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Table of Contents
Year : 2019  |  Volume : 13  |  Issue : 3  |  Page : 188-193

Deceased donor transplantation – Our experience in the last 4 years

1 Department of Nephrology, VPS Lakeshore Hospital, Kochi, Kerala, India
2 Department of Nephrology, VPS Lakeshore Hospital and PVSM Hospital, Kochi, Kerala, India
3 Department of Urology, VPS Lakeshore Hospital and PVSM Hospital, Kochi, Kerala, India
4 Department of Anesthesia, VPS Lakeshore Hospital, Kochi, Kerala, India
5 Department of Urology, VPS Lakeshore Hospital, Kochi, Kerala, India
6 Department of Pathology, VPS Lakeshore Hospital, Kochi, Kerala, India
7 Department of Nephrology, PVSM Hospital, Kochi, Kerala, India
8 Department of Transplant Surgery, VPS Lakeshore Hospital, Kochi, Kerala, India
9 Department of Urology, PVSM Hospital, Kochi, Kerala, India
10 Department of Anesthesia, PVSM Hospital, Kochi, Kerala, India

Date of Submission01-Dec-2018
Date of Decision01-Mar-2019
Date of Acceptance05-May-2019
Date of Web Publication17-Sep-2019

Correspondence Address:
Dr. Vilesh Valsalan Kalthoonical
Department of Nephrology, VPS Lakeshore Hospital, Kochi, Kerala
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Source of Support: None, Conflict of Interest: None

DOI: 10.4103/ijot.ijot_80_18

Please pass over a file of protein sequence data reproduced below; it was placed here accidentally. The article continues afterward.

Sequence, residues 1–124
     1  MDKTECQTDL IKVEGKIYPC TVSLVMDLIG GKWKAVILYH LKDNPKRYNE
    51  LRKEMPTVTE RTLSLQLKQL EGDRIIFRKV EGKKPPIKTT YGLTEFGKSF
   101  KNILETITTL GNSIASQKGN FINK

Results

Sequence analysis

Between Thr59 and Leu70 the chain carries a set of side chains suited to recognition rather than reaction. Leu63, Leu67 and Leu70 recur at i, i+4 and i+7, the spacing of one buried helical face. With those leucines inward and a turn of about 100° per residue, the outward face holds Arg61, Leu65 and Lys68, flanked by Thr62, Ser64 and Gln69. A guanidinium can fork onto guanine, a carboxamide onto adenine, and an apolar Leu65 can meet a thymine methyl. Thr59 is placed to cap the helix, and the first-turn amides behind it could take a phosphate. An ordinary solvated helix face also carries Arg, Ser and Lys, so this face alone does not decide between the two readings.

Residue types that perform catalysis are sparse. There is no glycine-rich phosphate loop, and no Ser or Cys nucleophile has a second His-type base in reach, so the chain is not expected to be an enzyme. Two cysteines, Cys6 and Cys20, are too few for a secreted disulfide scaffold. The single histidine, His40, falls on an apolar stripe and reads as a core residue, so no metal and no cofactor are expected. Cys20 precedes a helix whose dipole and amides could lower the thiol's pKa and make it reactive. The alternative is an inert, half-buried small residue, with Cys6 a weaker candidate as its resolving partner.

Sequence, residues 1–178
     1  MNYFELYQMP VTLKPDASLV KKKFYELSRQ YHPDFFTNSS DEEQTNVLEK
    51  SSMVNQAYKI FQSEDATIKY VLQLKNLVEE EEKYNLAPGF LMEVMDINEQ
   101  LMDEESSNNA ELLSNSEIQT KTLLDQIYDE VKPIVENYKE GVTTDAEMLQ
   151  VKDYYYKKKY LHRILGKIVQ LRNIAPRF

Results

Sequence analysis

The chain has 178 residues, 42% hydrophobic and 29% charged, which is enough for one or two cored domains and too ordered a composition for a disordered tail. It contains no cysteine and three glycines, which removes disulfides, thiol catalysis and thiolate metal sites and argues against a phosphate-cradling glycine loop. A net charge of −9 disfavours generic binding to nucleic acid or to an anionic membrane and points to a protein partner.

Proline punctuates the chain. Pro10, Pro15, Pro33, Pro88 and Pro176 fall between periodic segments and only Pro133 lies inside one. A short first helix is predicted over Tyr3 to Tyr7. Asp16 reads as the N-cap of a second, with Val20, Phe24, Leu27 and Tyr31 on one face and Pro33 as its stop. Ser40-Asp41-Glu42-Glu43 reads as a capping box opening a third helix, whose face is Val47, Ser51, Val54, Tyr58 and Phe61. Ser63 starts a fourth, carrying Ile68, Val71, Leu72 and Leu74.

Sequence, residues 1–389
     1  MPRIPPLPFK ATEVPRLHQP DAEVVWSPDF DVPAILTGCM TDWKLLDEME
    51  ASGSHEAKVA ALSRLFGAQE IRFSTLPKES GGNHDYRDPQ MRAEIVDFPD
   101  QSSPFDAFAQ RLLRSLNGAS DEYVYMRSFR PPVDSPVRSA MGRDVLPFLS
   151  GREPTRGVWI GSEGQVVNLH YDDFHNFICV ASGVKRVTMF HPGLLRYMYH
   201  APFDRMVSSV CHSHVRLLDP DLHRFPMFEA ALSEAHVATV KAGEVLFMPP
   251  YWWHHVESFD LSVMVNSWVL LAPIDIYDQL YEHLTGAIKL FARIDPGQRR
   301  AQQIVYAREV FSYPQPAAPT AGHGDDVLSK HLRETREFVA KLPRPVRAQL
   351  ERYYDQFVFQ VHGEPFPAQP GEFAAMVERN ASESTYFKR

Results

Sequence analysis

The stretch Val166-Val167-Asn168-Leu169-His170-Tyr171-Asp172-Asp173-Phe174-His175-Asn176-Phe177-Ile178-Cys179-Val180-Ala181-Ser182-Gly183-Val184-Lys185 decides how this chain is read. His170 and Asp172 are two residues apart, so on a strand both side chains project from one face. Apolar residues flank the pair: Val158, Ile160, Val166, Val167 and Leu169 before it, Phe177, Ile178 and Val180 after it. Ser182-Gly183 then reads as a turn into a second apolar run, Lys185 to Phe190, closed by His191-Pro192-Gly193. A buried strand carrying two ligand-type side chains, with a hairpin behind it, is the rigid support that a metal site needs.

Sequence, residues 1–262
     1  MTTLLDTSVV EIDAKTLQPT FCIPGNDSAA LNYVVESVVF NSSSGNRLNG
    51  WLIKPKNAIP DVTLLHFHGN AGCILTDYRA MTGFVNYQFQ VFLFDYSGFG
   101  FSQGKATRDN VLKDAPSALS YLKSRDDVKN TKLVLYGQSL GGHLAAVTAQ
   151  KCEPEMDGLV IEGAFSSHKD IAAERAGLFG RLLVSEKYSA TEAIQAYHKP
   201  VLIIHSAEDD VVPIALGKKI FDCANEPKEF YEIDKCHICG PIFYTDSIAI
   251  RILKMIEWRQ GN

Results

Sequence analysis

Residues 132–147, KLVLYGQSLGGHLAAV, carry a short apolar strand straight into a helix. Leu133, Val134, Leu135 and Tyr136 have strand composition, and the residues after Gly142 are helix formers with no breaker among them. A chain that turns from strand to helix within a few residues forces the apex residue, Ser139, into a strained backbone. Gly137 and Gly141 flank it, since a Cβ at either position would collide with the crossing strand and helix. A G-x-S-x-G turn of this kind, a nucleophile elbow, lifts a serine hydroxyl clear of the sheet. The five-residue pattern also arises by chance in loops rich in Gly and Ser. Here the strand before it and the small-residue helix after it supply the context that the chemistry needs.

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Background: Kidney transplant is the best treatment option for end stage kidney disease. Deceased donor transplantation has helped in increasing the donor pool for waitlisted dialysis patients. We received seventy deceased donor kidneys through the Kerala Network of Organ Sharing (KNOS) over the past 4 years from August 2013 to August 2017 and transplanted sixty six with good outcome. Pre-implantation biopsy performed in marginal donors helped in decision making to take the kidney and increase the donor pool. Aims and Objectives: 1)To evaluate outcome of renal transplant recipients in deceased donor transplantation. 2)To evaluate the role of pre-implantation biopsy to improve donor selection for better long term outcome. Materials and Methods: Sixty-six deceased donor kidneys were transplanted into the recipients from our pool of 253 patients registered with the KNOS. Four cadaver kidneys were rejected based on pre-implantation biopsy. Fifty-nine transplants were done at VPS Lakeshore and seven were done at PVS Memorial Hospital, Kochi. Donors of age less than 65 years were considered. Pre-tranpslant evaluation of recipients on waiting list including lab and cardiac evaluation with PRA status was done. Cross match was done prior to transplant. Triple immunosuppression including cyclosporine, mychophenolate mofetil and prednisolone with basiliximab as induction agent was used in all cases. Low dose tacrolimus was introduced after the third month in some cases. Pre-implantation biopsy was done in marginal donors for better donor selection. Results: Of the 66 recipients, 52 (78.8%) were males and 14 (21.2%) were females. PRA status was negative in all recipients. Deceased donors <65 years of age were considered. Twenty deceased donor kidneys were biopsied before implantation, of which 16 were implanted. Four kidneys were rejected as one showed glomerulocystic changes . One had extensive thrombus in all glomeruli, one had >56% IFTA changes, and other had 30%–40% IFTA changes. Results at 4 years post-transplant showed graft survival in 55/66 (83.34%) and patient survival in 60/66 (90.91%) cases. Six patients died: two with pneumocystis carinii pneumonia (PCP) (at 9 months/3.3 years post-transplant), one with mucormycosis (at 16 months post-transplant), one with acute coronary syndrome (immediate post-transplant), and two patients with sepsis. The average serum creatinine was < 1.4 mg/dl in 48 (87.2%) cases, 1.4–2.4 mg/dl in 7 (12.7%) cases, and > 2.4 mg/dl in 1 (1.8%) case. The surgical outcome was good in all (100%) patients with no intraoperative surgical complications. Delayed graft function was noted in 18% of patients. Prolonged cold ischemia time was noted in patients with acute tubular necrosis. Six patients had acute rejection, of which two were antibody mediated, and four had acute cellular rejection. One patient had tacrolimus toxicity on biopsy and was shifted to everolimus. Infections included one patient with surgical wound infection, 12 patients with urinary tract infections, one patient with invasive fungal infection, and two patients with PCP. At 4 years, deceased donor transplantation has good graft and patient outcomes. Conclusion: Deceased donor transplantation has good graft outcome which is comparable to live non related donors. It has minimal paper work and less costly than routine live transplant. Pre-implantation biopsy should be considered in marginal donors for appropriate donor selection and avoid organ wastage in doubtful cases. In our study we noted that transplant outcome was better in recipients receiving kidney from with in the city limits because of less cold ischemia time. Hence facilities for early transportation of organs with minimal procedural hurdles to minimize cold ischemia time should be carried out by the concerned authorities. Proactivity from the Government at state, zonal and national level is needed to improve deceased donor pool and cadaver transplantation in India.